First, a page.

"If thoroughly cultivated schoolmasters were common, we should soon see the profession rising in esteem; and we have only here to add, that what militates greatly against this perpetual

"And first for learning.' In any sense of self-culture of the instructor, is his self-satisthe term it is rare in schoolmasters: many never faction at his perpetual triumphs over subordi— a self-satisseek it, but are content with their old school nate wills and immature intellects and college stocks; and many who do, feel that faction only scorned, on such grounds, by suthey have no extra time, nor courage, nor ener-perior men.

'can temper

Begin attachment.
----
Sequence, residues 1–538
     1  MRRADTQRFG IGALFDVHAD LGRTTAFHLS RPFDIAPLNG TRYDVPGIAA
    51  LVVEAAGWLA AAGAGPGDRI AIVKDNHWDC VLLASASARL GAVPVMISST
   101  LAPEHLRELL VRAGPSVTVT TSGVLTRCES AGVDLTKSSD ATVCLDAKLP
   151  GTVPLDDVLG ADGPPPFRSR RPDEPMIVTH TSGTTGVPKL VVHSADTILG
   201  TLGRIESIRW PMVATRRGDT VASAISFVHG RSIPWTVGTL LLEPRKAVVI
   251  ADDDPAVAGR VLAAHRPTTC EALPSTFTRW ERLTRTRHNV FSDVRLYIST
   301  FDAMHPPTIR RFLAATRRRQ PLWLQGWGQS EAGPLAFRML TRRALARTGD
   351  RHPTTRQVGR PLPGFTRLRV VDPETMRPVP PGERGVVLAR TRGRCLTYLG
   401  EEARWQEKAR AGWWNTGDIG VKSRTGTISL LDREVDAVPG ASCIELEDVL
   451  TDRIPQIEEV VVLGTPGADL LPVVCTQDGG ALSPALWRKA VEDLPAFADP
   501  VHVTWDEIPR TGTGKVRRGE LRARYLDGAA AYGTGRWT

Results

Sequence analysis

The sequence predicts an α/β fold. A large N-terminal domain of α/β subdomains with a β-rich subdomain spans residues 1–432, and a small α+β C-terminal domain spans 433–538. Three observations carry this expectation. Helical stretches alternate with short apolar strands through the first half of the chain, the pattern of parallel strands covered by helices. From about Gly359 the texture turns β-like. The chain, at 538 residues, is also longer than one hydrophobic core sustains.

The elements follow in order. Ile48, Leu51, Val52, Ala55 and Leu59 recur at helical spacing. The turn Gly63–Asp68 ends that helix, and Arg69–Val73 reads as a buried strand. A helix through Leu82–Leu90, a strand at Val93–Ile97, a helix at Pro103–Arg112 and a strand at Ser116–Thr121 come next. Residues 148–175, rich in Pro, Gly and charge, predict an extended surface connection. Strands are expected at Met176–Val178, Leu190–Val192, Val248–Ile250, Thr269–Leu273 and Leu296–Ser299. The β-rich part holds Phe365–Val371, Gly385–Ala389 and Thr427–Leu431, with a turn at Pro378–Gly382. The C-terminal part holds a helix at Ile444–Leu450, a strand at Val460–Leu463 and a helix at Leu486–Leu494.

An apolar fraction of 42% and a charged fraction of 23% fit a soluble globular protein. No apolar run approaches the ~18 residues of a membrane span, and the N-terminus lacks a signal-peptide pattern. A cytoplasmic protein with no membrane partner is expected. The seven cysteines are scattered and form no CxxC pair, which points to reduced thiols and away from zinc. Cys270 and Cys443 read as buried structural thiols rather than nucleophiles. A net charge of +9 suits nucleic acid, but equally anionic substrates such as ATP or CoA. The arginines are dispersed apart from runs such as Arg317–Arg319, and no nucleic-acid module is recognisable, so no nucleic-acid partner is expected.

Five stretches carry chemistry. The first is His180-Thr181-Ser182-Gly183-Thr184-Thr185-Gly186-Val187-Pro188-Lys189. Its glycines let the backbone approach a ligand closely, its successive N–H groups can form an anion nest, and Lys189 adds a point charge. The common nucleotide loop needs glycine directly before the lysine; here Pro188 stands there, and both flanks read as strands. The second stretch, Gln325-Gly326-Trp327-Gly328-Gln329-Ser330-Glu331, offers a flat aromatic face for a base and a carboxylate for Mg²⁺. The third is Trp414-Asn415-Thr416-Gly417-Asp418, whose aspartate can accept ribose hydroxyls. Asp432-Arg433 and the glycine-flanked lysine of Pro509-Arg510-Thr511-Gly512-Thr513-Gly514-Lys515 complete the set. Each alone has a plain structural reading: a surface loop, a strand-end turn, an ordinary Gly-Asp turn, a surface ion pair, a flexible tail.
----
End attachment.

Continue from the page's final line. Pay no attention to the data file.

gy to make and find time, and so the accom- "The next matter well worth a man's thought plished college scholar is too often ever tending and care, if he wishes to conciliate true respect, to a skillful drudge in special subjects. But is the tone of feeling to be cultivated in his boys, this is not all the learning wanted. It is not and, therefore, primarily in himself; and the enough for a man to set his own au fait" manners, by which we do not mean merely the against his pupil's incipient awkwardness, his nice conduct' of a silver fork or those modes own rapid against his scholar's slow solution of of genteel society.' as it is called, which a clever problems, his own thorough knowledge of the monkey might soon be instructed to imitate. prescribed 'school-book' against his pupil's Indeed, the day is pretty nearly, though not gradual acquisition of its contents. Boys soon quite, over, when, if a man known to be a see through this sort of thing now-a-days, and schoolmaster is announced, people look for the cease to respect it. They quickly discover the entrance of something peculiarly angular and difference between a schoolmaster who has ideas, dogmatic, and are rather surprised than otherand one who only skillfully wise, if they find him to be, on the whole, upon trial, rather a pleasant and unaffected gentleman. Ordinary and external good manners we His longs and shorts with que and semper ;' may suppose he possesses, but what we aspire and they view the latter as a great clever school- to for him is something more. Certainly, a boy, boy of whose capacities they have the measure. ambitious as the English are above all things of In order thoroughly to respect a master, boys the character and bearing of gentlemen, ought must feel that he dwells in an altogether higher not to feel that he goes to school for knowledge, region of knowledge, as Arnold did, and that but returns home for manners and civilization. he occasionally throws to them handfuls of The schoolmaster ought to be the equal, and, if wealth from unknown treasuries; and further he can possibly make himself so, the superior than this, the master should know that a sham, of the parent in this latter point also. pompous and superficial display is almost sure "Out of a dozen schoolmasters, skillful in to be found out by an intelligent form. teaching as an art, of fairly cultivated manners, "Supposing a man has taste and power for of blameless industry in inculcating the doganything like wide and general study, how is mas of our religion, teaching science and lanhe to find the time? We answer it is certain guage with tact and zeal, do we find one whe that some few men do find it, and make a good cultivates with equal care the higher and more use of it. We may fairly suppose a master gen- ennobling qualities of the heart-extensive symerally to be sufficiently independent to be in pathy, wide comprehension, largeness, grandeur, some measure the regulator of the time which and generosity of moral views; a schoolmaster,